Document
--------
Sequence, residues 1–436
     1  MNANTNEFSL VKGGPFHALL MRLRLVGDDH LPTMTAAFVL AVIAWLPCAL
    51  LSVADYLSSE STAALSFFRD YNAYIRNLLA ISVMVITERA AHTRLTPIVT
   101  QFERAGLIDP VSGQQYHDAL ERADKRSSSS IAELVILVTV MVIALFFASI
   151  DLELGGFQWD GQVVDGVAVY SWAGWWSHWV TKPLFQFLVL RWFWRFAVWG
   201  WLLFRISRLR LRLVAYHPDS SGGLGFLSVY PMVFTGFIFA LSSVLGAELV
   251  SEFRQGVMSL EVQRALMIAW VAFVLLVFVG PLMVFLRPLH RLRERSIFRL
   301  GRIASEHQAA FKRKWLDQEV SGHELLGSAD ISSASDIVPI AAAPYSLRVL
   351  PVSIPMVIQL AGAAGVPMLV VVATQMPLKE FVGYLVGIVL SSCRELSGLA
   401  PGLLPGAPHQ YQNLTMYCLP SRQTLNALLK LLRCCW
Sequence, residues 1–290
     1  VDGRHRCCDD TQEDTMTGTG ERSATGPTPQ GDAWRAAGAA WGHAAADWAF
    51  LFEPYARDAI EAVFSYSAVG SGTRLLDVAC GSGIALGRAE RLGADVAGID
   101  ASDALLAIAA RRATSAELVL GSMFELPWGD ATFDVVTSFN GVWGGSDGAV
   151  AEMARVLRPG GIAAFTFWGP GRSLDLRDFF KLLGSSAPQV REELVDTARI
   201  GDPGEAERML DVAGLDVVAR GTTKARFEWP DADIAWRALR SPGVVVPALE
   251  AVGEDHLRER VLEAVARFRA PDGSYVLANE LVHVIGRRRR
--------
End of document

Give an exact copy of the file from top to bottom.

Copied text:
Sequence, residues 1–436
     1  MNANTNEFSL VKGGPFHALL MRLRLVGDDH LPTMTAAFVL AVIAWLPCAL
    51  LSVADYLSSE STAALSFFRD YNAYIRNLLA ISVMVITERA AHTRLTPIVT
   101  QFERAGLIDP VSGQQYHDAL ERADKRSSSS IAELVILVTV MVIALFFASI
   151  DLELGGFQWD GQVVDGVAVY SWAGWWSHWV TKPLFQFLVL RWFWRFAVWG
   201  WLLFRISRLR LRLVAYHPDS SGGLGFLSVY PMVFTGFIFA LSSVLGAELV
   251  SEFRQGVMSL EVQRALMIAW VAFVLLVFVG PLMVFLRPLH RLRERSIFRL
   301  GRIASEHQAA FKRKWLDQEV SGHELLGSAD ISSASDIVPI AAAPYSLRVL
   351  PVSIPMVIQL AGAAGVPMLV VVATQMPLKE FVGYLVGIVL SSCRELSGLA
   401  PGLLPGAPHQ YQNLTMYCLP SRQTLNALLK LLRCCW
Sequence, residues 1–290
     1  VDGRHRCCDD TQEDTMTGTG ERSATGPTPQ GDAWRAAGAA WGHAAADWAF
    51  LFEPYARDAI EAVFSYSAVG SGTRLLDVAC GSGIALGRAE RLGADVAGID
   101  ASDALLAIAA RRATSAELVL GSMFELPWGD ATFDVVTSFN GVWGGSDGAV
   151  AEMARVLRPG GIAAFTFWGP GRSLDLRDFF KLLGSSAPQV REELVDTARI
   201  GDPGEAERML DVAGLDVVAR GTTKARFEWP DADIAWRALR SPGVVVPALE
   251  AVGEDHLRER VLEAVARFRA PDGSYVLANE LVHVIGRRRR